“A team of horses or mules is pulling an empty limber along a dust track” Official British photo probably taken by John Warwick Brooke (National Library of Scotland)

The U.S. was the last major power to enter what was initially called the Great War, officially participating from April 1917 to Nov 1918. But war and combat are pretty real for all participants. The 78th division fought across France during the war’s closing months.

Grandfather was selective in recalling those experiences. He spent a just few weeks as a sergeant in the trench warfare typically associated with that war. He ended up as a 2nd Lt. who spent months criss-crossing France by train, wagon or foot in a jumble of training and fighting.

He preferred safe topics, such as the challenges presented by the (supposedly) all-terrain cargo vehicle of that time, something called the limber. And how horses were far easier to manage than Missouri mules!

It wasn’t all bad. Grandfather spoke fluent French which made him point person for all manner of interactions with local residents while traveling or billeting the men and animals. He admired the inhabitants and valued those memories. At war’s end he was even able to spend a few months studying plant specimens at the Muséum national d’Histoire naturelle in Paris.

Grandfather told funny stories about ways soliders would lighten their kits, or endure silly regulations. In later years his eyes would mist remembering the time his platoon got back to “civilization” after a month without lights, music or safety.

I still have a scrap of paper he’d saved, a list scribbled off in pencil of those killed and wounded after – what? A battle? A skirmish? Artillery bombardment? He didn’t want to dwell on that.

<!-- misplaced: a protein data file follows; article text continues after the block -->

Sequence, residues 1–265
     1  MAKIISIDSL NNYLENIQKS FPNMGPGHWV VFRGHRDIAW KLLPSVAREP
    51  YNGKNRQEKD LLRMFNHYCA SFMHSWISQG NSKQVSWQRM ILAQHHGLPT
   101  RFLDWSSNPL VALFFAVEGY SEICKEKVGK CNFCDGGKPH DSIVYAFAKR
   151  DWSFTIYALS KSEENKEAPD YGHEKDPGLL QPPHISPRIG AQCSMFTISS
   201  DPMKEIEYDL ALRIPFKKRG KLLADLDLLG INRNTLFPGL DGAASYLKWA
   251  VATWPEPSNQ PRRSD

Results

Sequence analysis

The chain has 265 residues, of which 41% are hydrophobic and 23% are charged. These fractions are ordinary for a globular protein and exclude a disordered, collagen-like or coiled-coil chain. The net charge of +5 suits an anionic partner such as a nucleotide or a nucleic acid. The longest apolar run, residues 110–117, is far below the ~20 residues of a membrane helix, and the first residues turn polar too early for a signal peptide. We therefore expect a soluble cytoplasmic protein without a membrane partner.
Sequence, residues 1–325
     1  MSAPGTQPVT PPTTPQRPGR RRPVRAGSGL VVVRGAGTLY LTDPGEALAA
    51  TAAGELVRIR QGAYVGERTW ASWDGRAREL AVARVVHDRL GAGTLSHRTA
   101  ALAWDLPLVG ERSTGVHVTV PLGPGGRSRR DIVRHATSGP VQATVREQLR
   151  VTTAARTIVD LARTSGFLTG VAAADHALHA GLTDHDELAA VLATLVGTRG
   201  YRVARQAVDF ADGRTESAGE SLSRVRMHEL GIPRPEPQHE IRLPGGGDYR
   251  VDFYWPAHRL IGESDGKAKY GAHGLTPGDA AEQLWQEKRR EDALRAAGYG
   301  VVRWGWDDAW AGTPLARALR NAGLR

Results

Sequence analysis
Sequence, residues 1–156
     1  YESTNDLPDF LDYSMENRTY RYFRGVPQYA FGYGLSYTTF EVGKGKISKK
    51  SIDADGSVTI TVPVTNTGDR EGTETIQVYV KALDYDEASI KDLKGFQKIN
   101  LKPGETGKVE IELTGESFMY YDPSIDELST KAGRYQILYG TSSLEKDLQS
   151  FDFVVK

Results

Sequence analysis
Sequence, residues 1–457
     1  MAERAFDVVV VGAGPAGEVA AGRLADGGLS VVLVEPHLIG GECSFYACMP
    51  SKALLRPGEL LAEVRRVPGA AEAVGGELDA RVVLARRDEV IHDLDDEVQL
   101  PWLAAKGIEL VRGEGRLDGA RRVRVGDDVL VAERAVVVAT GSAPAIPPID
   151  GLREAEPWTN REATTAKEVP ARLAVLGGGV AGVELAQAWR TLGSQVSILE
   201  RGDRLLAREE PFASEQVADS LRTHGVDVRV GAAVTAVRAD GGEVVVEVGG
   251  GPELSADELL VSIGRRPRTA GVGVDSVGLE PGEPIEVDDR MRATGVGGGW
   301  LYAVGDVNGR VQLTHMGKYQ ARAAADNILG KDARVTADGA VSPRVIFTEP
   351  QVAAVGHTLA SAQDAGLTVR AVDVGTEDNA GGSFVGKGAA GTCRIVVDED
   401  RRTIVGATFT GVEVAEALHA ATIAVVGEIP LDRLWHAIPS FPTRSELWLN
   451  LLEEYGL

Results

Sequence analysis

A cenotaph (“empty tomb”) in Manotick ,Ontario

For many years after the war grandfather wore his wide-brimmed felt army hat on hikes he lead as a botany professor. His WW I sleeping bag was stashed in the attic of his Honolulu retirement cottage. I agonized about its fate as we packed up to move to Ontario. The local army museum didn’t want it. My relatives all said no thanks. With the greatest reluctance, I sent it to the trash. (I know, I know! That seems wrong. But it was ratty and would never survive a wash.) One can’t keep everything and stay sane.

I did keep his hat.

For me then, the poppy is a tribute to a fine, responsible man who chose to answer his country’s call because that seemed proper to him. A way to honor others who did the same – in wars they neither asked for, nor shirked.

The second reason I wear the poppy is because I feel bad how much is asked of those who serve and how little is provided in return. Does wearing a poppy redress that shoddy record? I would argue it’s barely even a start.

On the flip side, it’s also an unfortunate reality that symbolic gestures (like wearing a poppy) can glorify war or be manipulated in unwholesome ways. To paraphrase Samuel Johnson, patriotism can be “the last refuge of a scoundrel.” Forced conformity rings hollow as well.

With that in mind, if anyone choses to not wear a poppy, or likes the counter-part white poppy (symbolizing pacifism) those positions have my respect too.

In the poppy-as-pop-art hierarchy, UK versions seem snazzier than the ones used in Canada.

UK poppies have black, red and green, thanks to the addition of a leaf element. Big wigs and royalty have even better poppies – more like artificial flowers than cheap cut-outs.

Some poppies are still hand-made, usually as part of programs that employ disabled vets or workers. Here’s a striking audio/slide show from the BBC on making those poppies, some 500,000 of the 45 million used in the UK this year.